Editorial: Irish politics needs Labour
LIKE the rest of society the political world has, to borrow a phrase from Juno and the Paycock, been in a "state o' chassis" since the implosion of the Celtic Tiger.
Such has been the extent of that 'chassis' that Labour has been in real danger of following the unfortunate precedents set by the now defunct Progressive Democrats and the apparently defunct Green Party. Some cynics may claim Labour's post-electoral struggle to continue to trade as a viable political party is the political equivalent of the infamous 'small earthquake in Chile, not many dead' story. However, Labour's survival is no minor issue, for it is not entirely accidental that two of the most progressive governments in the history of the State, the Fianna Fail Labour Coalition of 1992 and its Rainbow successors, had a significant Labour input.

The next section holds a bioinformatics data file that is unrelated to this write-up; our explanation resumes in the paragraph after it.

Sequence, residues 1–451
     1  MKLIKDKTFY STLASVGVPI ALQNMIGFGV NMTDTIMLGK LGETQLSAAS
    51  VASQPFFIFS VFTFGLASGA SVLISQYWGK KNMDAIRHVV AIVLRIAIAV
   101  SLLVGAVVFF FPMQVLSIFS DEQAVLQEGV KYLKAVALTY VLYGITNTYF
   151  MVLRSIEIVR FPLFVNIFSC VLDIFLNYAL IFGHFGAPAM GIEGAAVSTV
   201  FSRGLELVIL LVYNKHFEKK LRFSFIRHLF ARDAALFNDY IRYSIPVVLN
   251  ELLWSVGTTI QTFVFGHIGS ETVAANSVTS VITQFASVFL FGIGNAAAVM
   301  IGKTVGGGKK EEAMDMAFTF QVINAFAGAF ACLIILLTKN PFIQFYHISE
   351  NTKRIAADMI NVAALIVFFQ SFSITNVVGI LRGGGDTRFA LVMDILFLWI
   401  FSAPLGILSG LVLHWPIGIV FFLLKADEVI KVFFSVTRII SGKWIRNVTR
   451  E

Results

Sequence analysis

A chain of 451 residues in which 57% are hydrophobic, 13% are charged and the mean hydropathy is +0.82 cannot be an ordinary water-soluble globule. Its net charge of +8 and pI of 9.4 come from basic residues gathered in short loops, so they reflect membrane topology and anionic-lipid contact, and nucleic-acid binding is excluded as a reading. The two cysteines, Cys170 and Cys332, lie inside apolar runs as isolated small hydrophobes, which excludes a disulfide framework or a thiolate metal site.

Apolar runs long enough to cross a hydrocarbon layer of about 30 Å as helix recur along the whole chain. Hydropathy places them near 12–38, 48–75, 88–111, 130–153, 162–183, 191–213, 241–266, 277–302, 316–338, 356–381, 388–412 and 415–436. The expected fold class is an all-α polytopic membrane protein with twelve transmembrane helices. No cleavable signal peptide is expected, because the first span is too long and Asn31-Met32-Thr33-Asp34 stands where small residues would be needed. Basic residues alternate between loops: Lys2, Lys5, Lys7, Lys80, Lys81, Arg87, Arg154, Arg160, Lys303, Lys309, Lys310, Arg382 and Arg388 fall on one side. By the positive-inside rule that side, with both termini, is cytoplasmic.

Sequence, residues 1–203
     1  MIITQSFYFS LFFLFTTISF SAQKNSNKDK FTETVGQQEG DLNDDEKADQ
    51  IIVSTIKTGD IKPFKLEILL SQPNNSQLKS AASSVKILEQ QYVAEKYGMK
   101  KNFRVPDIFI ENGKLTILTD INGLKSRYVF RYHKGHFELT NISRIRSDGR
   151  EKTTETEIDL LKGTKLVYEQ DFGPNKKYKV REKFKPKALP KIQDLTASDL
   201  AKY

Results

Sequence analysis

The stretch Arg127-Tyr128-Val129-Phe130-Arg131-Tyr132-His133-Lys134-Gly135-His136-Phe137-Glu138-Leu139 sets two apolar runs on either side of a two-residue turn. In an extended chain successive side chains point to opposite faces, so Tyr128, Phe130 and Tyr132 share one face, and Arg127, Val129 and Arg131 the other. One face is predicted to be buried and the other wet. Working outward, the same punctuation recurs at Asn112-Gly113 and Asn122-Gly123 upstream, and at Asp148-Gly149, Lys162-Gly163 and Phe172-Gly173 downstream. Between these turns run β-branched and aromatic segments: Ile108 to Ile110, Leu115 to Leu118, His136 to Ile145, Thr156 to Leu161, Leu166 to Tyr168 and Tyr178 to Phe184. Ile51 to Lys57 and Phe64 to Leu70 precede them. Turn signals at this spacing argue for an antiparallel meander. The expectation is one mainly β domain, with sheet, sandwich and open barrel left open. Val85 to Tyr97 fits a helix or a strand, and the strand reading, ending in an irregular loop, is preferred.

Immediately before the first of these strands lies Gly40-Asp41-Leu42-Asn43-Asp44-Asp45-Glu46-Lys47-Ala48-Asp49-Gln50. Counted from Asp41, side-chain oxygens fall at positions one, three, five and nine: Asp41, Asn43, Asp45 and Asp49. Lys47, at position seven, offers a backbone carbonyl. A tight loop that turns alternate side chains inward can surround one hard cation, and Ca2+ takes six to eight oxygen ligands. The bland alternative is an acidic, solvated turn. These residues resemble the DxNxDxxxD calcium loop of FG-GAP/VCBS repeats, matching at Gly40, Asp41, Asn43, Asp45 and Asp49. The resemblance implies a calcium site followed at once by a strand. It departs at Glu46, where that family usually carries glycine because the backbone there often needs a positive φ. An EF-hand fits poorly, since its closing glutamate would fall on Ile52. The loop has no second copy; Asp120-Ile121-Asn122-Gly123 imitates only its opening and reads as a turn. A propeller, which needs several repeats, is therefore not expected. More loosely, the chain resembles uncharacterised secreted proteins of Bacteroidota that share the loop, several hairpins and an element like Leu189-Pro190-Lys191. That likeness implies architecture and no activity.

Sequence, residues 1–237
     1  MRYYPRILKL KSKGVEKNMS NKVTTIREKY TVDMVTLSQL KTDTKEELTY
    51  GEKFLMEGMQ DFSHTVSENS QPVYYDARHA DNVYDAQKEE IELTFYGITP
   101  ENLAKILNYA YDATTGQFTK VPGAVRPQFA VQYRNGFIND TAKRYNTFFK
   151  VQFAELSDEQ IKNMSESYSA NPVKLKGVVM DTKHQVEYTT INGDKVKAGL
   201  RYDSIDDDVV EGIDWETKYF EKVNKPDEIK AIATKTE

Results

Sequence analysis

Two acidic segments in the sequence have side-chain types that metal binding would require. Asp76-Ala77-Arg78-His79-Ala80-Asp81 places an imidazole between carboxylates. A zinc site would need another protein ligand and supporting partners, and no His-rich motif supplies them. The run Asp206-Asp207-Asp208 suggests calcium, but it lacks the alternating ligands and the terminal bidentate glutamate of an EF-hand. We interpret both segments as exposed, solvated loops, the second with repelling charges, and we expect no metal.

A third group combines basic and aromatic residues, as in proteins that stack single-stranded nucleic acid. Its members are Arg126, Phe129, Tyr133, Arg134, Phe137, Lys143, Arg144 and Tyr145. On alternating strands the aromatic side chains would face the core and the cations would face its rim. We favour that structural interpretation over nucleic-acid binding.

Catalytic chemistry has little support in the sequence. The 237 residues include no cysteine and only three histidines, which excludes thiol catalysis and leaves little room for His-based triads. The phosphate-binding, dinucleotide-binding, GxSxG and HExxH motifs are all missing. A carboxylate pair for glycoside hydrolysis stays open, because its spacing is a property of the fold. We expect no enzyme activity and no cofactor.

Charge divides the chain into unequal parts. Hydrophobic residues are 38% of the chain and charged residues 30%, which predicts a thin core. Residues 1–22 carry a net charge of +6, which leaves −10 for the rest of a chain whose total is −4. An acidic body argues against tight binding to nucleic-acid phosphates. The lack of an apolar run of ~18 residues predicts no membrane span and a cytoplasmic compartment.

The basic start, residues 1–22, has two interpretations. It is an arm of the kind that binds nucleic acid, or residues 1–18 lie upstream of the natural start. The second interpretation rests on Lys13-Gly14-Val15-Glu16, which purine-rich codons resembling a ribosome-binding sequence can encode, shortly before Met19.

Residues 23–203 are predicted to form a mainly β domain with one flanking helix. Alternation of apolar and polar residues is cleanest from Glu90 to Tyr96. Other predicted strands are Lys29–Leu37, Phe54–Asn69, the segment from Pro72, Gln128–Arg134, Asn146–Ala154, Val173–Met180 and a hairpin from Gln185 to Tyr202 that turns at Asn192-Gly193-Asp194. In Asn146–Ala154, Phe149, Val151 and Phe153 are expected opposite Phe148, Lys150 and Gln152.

It might be somewhat excessive to echo the claim by James Connolly that "the cause of Labour is the cause of Ireland". But the health of Irish politics is generally enhanced by a strong Labour. The party has often been dismissed to the status of a mere prop for Fine Gael or Fianna Fail to secure office. However, Labour has at its best provided some degree of idealism and independent thought in a political system where the ethic of the unthinking herd generally prevails. This, unfortunately, has often meant that within the Irish political story book, Labour's advocacy of transparency and political reform has received a similar reward to that secured by poor Boxer in Animal Farm.